Advanced searches left 3/3
Search only database of 8 mil and more summaries

Breast Cancer Be Inherited

Summarized by PlexPage
Last Updated: 13 October 2020

* If you want to update the article please login/register

General | Latest Info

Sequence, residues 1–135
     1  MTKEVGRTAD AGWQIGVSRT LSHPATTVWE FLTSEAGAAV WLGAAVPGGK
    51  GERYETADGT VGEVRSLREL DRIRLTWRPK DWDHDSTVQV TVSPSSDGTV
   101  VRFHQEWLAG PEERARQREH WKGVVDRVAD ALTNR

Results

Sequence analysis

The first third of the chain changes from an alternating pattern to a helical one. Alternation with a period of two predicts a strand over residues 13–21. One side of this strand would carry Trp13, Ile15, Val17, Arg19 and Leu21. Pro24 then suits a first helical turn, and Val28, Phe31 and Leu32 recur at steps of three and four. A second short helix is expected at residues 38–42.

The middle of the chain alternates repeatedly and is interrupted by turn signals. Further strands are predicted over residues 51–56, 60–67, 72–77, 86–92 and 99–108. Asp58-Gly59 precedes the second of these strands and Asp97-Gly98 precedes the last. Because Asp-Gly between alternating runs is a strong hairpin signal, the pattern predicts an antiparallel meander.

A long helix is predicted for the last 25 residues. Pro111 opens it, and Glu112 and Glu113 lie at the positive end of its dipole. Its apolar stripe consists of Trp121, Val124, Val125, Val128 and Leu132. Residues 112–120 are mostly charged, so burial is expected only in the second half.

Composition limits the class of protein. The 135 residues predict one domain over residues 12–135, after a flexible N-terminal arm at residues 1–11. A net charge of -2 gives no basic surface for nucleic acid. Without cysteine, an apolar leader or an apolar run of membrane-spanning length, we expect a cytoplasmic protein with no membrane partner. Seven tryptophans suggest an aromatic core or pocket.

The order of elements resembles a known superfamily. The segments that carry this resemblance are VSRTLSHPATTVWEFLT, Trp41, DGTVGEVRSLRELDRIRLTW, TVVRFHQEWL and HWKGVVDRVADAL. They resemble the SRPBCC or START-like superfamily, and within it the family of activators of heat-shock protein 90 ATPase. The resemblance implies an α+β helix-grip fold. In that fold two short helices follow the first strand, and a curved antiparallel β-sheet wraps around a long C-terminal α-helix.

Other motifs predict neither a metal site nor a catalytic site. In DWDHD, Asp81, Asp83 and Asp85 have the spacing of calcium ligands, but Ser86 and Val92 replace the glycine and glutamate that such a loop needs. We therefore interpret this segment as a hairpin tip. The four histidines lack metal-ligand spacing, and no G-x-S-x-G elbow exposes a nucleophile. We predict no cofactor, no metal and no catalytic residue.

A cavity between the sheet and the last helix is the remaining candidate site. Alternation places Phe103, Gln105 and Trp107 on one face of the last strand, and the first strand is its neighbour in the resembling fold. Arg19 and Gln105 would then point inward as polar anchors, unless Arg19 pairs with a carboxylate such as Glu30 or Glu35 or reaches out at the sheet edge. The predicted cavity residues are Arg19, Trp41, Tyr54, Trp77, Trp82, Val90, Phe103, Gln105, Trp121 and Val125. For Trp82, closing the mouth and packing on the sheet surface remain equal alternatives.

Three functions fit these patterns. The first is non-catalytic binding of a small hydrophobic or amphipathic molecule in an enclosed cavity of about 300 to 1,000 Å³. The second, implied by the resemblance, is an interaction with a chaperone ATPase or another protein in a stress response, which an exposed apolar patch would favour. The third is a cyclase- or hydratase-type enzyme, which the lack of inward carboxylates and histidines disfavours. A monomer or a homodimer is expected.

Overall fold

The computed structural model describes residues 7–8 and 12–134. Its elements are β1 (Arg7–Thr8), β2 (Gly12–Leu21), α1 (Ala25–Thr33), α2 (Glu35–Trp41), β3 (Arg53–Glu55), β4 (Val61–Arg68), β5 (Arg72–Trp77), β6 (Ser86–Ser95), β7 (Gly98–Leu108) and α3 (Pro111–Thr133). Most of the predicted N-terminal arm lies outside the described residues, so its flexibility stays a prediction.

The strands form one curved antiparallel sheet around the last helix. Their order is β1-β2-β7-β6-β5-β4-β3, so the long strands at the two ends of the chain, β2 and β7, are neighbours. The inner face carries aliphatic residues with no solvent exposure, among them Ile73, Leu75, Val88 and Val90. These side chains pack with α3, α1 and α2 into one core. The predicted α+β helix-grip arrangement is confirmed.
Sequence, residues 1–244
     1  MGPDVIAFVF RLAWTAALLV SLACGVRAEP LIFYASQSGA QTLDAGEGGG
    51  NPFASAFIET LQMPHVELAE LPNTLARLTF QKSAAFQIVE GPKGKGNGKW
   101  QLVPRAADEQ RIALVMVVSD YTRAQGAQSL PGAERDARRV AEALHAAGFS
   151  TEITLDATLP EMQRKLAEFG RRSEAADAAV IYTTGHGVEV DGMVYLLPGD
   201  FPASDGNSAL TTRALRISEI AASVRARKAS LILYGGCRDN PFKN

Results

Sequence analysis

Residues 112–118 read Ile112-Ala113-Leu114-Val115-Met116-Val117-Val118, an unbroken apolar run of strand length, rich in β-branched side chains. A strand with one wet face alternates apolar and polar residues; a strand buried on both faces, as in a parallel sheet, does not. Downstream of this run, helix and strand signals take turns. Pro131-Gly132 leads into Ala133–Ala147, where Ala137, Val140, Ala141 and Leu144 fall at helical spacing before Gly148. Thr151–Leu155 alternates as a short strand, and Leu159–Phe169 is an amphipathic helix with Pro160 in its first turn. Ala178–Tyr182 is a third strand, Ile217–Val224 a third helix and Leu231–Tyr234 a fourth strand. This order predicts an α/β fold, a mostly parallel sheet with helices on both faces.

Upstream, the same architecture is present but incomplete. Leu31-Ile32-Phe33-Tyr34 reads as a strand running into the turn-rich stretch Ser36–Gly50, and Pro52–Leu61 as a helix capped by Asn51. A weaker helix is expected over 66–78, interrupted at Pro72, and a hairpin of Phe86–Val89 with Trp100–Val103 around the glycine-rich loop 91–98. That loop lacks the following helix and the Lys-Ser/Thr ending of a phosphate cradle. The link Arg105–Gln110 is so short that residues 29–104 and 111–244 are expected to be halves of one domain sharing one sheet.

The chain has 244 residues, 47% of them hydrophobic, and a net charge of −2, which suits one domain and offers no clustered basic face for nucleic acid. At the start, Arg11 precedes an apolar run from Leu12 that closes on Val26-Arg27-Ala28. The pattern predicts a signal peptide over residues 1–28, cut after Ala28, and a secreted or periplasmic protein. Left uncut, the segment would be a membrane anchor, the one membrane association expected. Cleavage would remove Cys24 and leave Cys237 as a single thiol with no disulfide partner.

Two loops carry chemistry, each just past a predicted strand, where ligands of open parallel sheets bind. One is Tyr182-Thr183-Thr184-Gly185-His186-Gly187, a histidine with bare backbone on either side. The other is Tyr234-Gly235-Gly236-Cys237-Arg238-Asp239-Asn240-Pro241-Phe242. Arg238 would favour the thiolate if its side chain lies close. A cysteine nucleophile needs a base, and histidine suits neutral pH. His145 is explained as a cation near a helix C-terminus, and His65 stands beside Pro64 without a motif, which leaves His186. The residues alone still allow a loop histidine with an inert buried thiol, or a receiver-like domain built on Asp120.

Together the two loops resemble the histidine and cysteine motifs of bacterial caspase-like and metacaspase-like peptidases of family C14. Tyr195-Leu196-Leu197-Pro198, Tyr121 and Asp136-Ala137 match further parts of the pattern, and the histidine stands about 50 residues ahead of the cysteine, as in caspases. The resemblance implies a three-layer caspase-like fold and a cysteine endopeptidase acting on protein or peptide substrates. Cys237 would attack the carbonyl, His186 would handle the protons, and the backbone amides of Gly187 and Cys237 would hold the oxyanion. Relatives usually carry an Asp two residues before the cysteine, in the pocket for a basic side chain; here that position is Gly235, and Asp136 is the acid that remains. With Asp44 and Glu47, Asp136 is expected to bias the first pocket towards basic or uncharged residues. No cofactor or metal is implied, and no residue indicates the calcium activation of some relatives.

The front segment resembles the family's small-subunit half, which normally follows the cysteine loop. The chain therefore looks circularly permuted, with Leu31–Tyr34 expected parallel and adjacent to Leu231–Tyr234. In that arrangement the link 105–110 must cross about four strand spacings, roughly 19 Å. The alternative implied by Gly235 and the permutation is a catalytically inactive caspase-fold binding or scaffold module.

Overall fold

Breast Cancer is a disease in which certain cells in the breast become abnormal and multiply uncontrollably to form tumor. Although breast cancer is much more common in women, this form of cancer can also develop in men. In both women and men, most common form of Breast Cancer begins in cells lining milk ducts. In women, cancer can also develop in the glands that produce milk. Most men have little or no lobular tissue, so lobular cancer in men is very rare. In its early stages, Breast Cancer usually does not cause pain and may exhibit no noticeable symptoms. As cancer progress, signs and symptoms can include lump or thickening in or near the breast; change in size or shape of the breast; nipple discharge, tenderness, or retraction; and skin irritation, dimpling, redness, or scaliness. However, these changes can occur as part of many different conditions. Having one or more of these symptoms does not mean that person definitely has Breast Cancer. In some cases, cancerous tumors can invade surrounding tissue and spread to other parts of the body. If Breast Cancer spreads, cancerous cells most often appear in bones, liver, lungs, or brain. Tumors that begin at one site and then spread to other areas of the body are called metastatic cancers. A small percentage of all breast cancers cluster in families. These cancers are described as hereditary and are associated with inherited gene mutations. Hereditary breast cancers tend to develop earlier in life than noninherited cases, and new tumors are more likely to develop in both breasts. Breast Cancer is the second most commonly diagnosed cancer in women. About one in eight women in the United States will develop invasive Breast Cancer in her lifetime. Researchers estimate that more than 276 000 new cases of invasive Breast Cancer will be diagnosed in US women in 2020. Male Breast Cancer represents less than 1 percent of all Breast Cancer diagnoses. Scientists estimate that about 2 600 new cases of Breast Cancer will be diagnosed in men in 2020. Particular gene mutations associated with Breast Cancer are more common among certain geographic or ethnic groups, such as people of Ashkenazi Jewish heritage and people of Norwegian, Icelandic, or Dutch ancestry. Cancers occur when buildup of mutations in critical genesathose that control cell growth and division or repair damaged DNAaallow cells to grow and divide uncontrollably to form tumor. In most cases of Breast Cancer, these genetic changes are acquired during a person's lifetime and are present only in certain cells in the breast. These changes, which are called somatic mutations, are not inherit. Somatic mutations in many different genes have been found in Breast Cancer cells. Less commonly, gene mutations present in essentially all of the body's cells increase the risk of developing Breast Cancer. These genetic changes, which are classified as germline mutations, are usually inherited from parent.Ssss